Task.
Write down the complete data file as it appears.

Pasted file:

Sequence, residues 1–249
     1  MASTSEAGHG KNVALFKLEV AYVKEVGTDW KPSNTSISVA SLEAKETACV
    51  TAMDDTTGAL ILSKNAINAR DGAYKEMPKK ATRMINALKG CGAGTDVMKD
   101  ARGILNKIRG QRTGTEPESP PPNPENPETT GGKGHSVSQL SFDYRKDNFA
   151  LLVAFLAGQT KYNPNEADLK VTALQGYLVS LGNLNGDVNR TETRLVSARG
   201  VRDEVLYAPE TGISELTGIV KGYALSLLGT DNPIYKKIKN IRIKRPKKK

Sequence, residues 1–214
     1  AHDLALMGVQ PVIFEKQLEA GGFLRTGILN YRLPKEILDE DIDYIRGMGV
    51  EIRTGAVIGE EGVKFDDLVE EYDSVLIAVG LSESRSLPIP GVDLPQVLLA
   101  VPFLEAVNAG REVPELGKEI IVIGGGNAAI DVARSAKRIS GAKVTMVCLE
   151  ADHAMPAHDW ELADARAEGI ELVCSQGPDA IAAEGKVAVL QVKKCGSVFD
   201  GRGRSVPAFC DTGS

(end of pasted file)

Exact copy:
Sequence, residues 1–249
     1  MASTSEAGHG KNVALFKLEV AYVKEVGTDW KPSNTSISVA SLEAKETACV
    51  TAMDDTTGAL ILSKNAINAR DGAYKEMPKK ATRMINALKG CGAGTDVMKD
   101  ARGILNKIRG QRTGTEPESP PPNPENPETT GGKGHSVSQL SFDYRKDNFA
   151  LLVAFLAGQT KYNPNEADLK VTALQGYLVS LGNLNGDVNR TETRLVSARG
   201  VRDEVLYAPE TGISELTGIV KGYALSLLGT DNPIYKKIKN IRIKRPKKK

Sequence, residues 1–214
     1  AHDLALMGVQ PVIFEKQLEA GGFLRTGILN YRLPKEILDE DIDYIRGMGV
    51  EIRTGAVIGE EGVKFDDLVE EYDSVLIAVG LSESRSLPIP GVDLPQVLLA
   101  VPFLEAVNAG REVPELGKEI IVIGGGNAAI DVARSAKRIS GAKVTMVCLE
   151  ADHAMPAHDW ELADARAEGI ELVCSQGPDA IAAEGKVAVL QVKKCGSVFD
   201  GRGRSVPAFC DTGS